[CSE2304] [progress]

### Practical #3, semester 1, 2000 Group A: week 7, 10 April... Group B: week 9, 1 May... [NB. Easter]

DNA sequences are sequences over the alphabet of four bases {A,C,G,T}. (Sometimes R is used for either purine {A,G}, Y for either pyrimidine {C,T}, and N for `any', but any codes other than {A,C,G,T} can be ignored for this exercise.)

Write a C program, "dna", to solve the following task:

The program must read a collection of DNA sequences from a file, specified as a command line parameter. The file contains one sequence per line.

The program must then read query sequences (one per line) from standard input and process them. A sequence, S, in the collection matches the query if the query is a prefix of S. The program must print the line numbers of all matching sequences (if any), not necessarily in order, then '--', followed by the number of sequences that match the query, and 'matches'.
e.g. ACG is a prefix of ACG, ACGT, ACGAT, etc.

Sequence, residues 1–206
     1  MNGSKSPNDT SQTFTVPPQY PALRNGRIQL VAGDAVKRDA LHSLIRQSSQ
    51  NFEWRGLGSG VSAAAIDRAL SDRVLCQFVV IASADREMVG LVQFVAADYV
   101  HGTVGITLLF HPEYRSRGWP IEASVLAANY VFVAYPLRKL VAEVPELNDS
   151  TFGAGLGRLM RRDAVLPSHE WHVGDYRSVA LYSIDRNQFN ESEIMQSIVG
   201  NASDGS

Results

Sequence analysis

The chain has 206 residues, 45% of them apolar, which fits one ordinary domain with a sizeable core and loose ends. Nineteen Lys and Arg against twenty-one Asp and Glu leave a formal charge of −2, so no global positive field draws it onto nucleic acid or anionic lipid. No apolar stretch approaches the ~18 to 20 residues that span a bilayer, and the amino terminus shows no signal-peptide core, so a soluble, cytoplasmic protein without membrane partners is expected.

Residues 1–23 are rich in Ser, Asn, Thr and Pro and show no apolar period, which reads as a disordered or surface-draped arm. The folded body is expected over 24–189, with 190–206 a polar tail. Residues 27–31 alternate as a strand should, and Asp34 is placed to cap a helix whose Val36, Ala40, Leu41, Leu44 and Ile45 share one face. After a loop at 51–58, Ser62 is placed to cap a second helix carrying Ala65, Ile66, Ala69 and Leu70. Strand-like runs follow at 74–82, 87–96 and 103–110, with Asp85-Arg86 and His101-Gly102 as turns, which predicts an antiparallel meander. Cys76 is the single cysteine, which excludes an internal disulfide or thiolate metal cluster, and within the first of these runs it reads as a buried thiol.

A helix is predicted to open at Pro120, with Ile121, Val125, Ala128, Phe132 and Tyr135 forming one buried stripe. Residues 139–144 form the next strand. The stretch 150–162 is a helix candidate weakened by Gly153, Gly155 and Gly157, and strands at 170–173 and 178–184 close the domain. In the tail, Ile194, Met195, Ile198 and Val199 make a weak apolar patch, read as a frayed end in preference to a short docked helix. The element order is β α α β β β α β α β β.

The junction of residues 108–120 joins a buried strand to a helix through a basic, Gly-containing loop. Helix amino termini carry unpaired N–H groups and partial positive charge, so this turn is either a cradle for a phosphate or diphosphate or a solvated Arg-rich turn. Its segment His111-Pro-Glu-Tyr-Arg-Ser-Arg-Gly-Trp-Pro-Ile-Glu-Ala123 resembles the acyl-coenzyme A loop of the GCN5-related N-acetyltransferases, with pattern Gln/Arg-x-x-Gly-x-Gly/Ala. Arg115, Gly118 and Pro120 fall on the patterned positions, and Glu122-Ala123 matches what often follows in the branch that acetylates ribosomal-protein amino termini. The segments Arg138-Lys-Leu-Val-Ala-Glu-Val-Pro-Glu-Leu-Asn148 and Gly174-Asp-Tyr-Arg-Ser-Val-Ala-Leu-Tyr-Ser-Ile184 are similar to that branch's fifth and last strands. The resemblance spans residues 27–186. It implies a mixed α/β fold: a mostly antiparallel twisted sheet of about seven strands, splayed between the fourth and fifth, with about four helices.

Note that the sequences matching ACG are, alphabetically, greater than or equal to ACG and less than ACT.
If you wish, your program can use a constant, maxDNAseqLength, for the maximum DNA sequence length and you can assume this is no more than 1000.

You can assume that there are no duplicate sequences in the file.

e.g.
theFile:
`ACGTACGT`
`CGTAA`
`GTA`
`ACGAAAAAAAAAAAAAAAAAAAATATTT`
`ATATTA`
command & queries:
`dna theFile`
`ACG`
`T`
`GTA`
output:
`1 4 -- 2 matches`
`-- 0 matches`
`3 -- 1 matches`
• Group A: Your program must use a [binary search tree] data structure to index the collection.
• Group B: Your program must use a [Trie] data structure to index the collection, making good use of the fact that there are only four bases {A,C.G,T}.
Total: [6 marks]

© 2000, L. Allison, Comp. Sci. & SWE, Monash University, Australia